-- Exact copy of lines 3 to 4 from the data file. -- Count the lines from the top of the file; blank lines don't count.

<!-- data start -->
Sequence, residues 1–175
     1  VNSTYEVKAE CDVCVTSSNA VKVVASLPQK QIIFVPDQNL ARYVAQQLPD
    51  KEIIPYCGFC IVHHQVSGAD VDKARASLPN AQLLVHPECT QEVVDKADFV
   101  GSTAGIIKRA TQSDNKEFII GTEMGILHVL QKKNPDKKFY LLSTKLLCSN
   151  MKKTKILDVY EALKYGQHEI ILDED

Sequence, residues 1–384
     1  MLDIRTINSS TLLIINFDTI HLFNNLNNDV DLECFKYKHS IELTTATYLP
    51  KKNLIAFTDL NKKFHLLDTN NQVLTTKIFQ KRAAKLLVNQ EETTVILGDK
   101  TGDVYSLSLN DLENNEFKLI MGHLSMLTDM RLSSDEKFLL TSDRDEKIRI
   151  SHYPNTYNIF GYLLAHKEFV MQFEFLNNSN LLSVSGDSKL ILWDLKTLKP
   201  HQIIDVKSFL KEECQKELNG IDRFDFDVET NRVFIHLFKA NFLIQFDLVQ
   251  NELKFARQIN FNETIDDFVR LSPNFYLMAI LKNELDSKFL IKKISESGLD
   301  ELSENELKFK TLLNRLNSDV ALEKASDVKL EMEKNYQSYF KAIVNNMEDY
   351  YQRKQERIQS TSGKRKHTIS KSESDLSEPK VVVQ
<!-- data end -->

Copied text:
    51  KEIIPYCGFC IVHHQVSGAD VDKARASLPN AQLLVHPECT QEVVDKADFV
   101  GSTAGIIKRA TQSDNKEFII GTEMGILHVL QKKNPDKKFY LLSTKLLCSN